University of Notre Dame

Face masks, reduced capacity critical when reopening K-12 schools in Indiana, according to new study

14-Sep-2020 3:15 PM EDT, by University of Notre Dame

Newswise — Teachers, parents, students and officials in K-12 schools across the country are beginning the academic year by stepping into the unknown. The Centers for Disease Control and Prevention recently reported that children from birth to age 17 account for 7.3 percent of COVID-19 cases in the United States — and warned that “the number and rate of cases in children in the United States have been steadily increasing from March to July.”

School districts throughout Indiana are reopening under varying approaches and policies — and many have had to be agile with their plans. A new study by researchers at the University of Notre Dame cautions that K-12 schools reopening to full capacity with little to no compliance of safety measures such as face masks could drive infections up to an estimated 2.49 million in Indiana alone, with more than 9,000 deaths by the end of 2020. The state’s total population currently stands at more than 6.7 million, according to the U.S. Census Bureau.

“Without interventions like face masks and reduced capacity in classrooms, the threat of infection in the state alone is very concerning,” said Alex Perkins, associate professor in the Department of Biological Sciences, an expert in infectious disease epidemiology and population biology and a lead of the study. “Our objective was to examine how interventions within K-12 schools could impact the COVID-19 burden throughout the state.”

Key points from the study:

  • Perkins and his team compiled data including reported cases, deaths, hospitalizations and tests within the state.
  • The team simulated transmission of COVID-19 within the state. A representative model of K-12 students, teachers and families were each studied separately.
  • Transmission rates were tested against multiple scenarios — including school capacity set at 50, 75 and 100 percent and face mask compliance at 50, 75 and 100 percent.
  • In the study, schools opening at full capacity without the use of face masks led to 2.49 million infections and 9,117 deaths.
  • With fully remote instruction, shelter-in-place practices and face mask compliance within communities maintained at mid-August levels, researchers estimate 19,527 cases of infection and 360 deaths through the remainder of the year.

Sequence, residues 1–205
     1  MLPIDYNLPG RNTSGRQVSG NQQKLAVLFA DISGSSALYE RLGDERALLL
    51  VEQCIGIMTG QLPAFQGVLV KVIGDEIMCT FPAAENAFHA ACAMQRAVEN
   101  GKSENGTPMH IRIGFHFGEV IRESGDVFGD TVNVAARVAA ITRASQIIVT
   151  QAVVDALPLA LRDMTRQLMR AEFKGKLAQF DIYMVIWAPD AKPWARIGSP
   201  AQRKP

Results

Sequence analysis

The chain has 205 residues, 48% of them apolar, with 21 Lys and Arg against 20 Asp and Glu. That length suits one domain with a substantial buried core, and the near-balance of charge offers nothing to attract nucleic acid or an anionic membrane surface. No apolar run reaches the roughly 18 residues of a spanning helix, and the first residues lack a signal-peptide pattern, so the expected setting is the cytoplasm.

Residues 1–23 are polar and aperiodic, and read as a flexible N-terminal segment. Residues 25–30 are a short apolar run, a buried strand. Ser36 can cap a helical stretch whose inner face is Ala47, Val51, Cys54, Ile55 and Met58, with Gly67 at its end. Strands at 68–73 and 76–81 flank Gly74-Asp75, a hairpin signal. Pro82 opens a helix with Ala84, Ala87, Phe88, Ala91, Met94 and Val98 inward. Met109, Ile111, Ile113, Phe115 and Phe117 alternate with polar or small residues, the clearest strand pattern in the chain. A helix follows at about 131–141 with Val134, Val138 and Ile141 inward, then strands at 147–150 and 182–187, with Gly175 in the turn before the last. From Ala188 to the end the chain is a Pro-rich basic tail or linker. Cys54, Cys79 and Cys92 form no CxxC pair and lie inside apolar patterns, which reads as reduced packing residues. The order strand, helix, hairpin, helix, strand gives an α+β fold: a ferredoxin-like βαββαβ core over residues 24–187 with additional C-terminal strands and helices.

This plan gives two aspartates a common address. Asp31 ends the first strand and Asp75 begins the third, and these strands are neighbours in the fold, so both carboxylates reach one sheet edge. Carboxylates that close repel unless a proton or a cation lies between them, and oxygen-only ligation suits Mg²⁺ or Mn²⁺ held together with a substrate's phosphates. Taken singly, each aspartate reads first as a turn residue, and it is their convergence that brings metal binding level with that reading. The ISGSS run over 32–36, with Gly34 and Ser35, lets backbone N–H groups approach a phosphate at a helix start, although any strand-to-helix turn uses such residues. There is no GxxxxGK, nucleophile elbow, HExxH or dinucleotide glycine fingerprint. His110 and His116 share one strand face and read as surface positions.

• Schools opening at 50 percent capacity that adhered to high compliance of face mask use achieved similar results to projections of fully remote instruction.
  • Scenarios where schools operated at high levels of capacity with low face mask compliance saw the risk of death higher for teachers and family members by 227- and 266-fold respectively.

The study projected outcomes taking place between the last two weeks of August through the end of the year. While the study accounted for variables including asymptomatic infection and differing levels of susceptibility between children and adults, Perkins said the results are a snapshot of the full spectrum of scenarios that could play out in Indiana schools this fall.

“There are some scenarios we did not examine in this study,” Perkins said, such as differences between groups attending classes in-person or remotely, the different methods of modularization employed by various schools and school districts, and testing strategies.

“Similar to what we’re seeing across the country, the state’s approach is a patchwork of policies that change from school district to school district,” Perkins said. “What these results show clearly, however, is how face mask compliance and reducing capacity in schools could significantly impact the burden of COVID-19 on Indiana residents as their children return to school.”

Perkins is an affiliated member of Notre Dame’s Eck Institute for Global Health and Environmental Change Initiative.

Co-authors of the study include Carly Barbera, Sean Cavany, Alan Costello, Guido España, Anita Lerch, Sean Moore, Rachel Oidtman, Marya Poterek, Quan Tran Minh and Annaliese Wieler, all at Notre Dame.


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